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A Driver’s Do’s and Dont’s When in a Car Accident

Two people in a car accident, one on the phone calling the police.
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Nobody expects to be in a car crash until it happens. Then, shock and adrenaline make it hard to remember what you should and shouldn’t do if you’re the driver. Given the National Highway Traffic Safety Administration’s (NHTSA) report that over 6 million car crashes now occur each year, it’s a good idea to be prepared just in case it happens to you. Let this car accident checklist be your guide.

What to Do When You’re in a Car Accident

After first checking to see if you or anyone else is injured, follow these steps:

1. Call for help.

Regardless of whether the accident is major or minor, you should notify law enforcement. If someone is injured, the vehicle is on fire or there is another need for emergency assistance, dial 911. Otherwise, you can call the local police department.

Tell the officers who arrive on scene everything you remember about the accident and its aftermath, while also asking for their names and badge numbers. Plus, find out when and how you can get a copy of the police accident report, which you’ll need to process an insurance claim for the crash.

2. Get to a safe place.

Turn your hazard lights on to alert passing and oncoming traffic. Follow the instructions of the 911 operator or police dispatch about whether or not to move your car. If they tell you to move it, park your vehicle out of traffic’s way, and then you and your passengers should find a safe place away from the road to wait for help.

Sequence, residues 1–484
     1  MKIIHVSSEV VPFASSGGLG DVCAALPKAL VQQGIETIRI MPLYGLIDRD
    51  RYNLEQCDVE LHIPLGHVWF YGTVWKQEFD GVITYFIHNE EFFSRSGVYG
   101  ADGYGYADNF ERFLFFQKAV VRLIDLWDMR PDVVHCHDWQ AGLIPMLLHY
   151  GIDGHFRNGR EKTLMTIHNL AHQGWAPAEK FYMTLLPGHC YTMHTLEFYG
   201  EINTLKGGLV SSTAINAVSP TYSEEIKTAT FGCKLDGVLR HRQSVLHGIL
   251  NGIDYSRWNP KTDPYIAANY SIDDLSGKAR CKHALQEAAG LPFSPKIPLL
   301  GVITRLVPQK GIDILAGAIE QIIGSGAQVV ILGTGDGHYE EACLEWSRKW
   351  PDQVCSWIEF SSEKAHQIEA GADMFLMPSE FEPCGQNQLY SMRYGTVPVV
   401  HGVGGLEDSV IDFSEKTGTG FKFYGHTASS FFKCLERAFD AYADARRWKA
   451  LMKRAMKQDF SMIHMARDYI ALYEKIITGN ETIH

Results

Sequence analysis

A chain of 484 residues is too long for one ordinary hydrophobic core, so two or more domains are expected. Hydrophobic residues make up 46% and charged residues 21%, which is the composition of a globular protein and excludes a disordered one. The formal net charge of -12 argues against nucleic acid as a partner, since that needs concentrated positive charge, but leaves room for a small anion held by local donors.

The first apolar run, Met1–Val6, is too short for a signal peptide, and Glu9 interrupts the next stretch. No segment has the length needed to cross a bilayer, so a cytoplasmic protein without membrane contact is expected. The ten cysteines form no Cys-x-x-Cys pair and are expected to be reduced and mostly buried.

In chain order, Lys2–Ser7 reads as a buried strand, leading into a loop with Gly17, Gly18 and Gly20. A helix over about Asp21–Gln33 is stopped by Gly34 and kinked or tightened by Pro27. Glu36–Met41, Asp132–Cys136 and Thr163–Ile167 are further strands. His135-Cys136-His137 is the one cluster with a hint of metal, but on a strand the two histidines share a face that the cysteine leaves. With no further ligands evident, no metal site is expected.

3. Exchange information with the other driver(s).

Be ready to share your name, contact and insurance information with any other drivers involved in the accident and gather the following information from them:

  • Full name
  • Phone number
  • Driver’s license number
  • Vehicle license plate number
  • Vehicle registration information, including the VIN number
  • Insurance company and policy number
  • Vehicle’s make, model and color

If the other vehicle is not registered in the driver’s name, find out their relationship to the owner.

4. Talk to any witnesses.

If other passersby saw the accident and stopped to help, ask for their name and phone number and get them to provide a description of what they saw so that you can share this with the police and the insurance companies.

5. Document everything.

In addition to documenting the other driver’s pertinent information, it’s also important to note everything you can about the accident while it’s still fresh in your mind. Using pen and paper, your phone or your insurance company’s mobile app, jot down all the key details, including:

  • Time and location of the accident
  • Number of vehicles involved
  • Number of passengers in each vehicle
  • Unusual weather and road conditions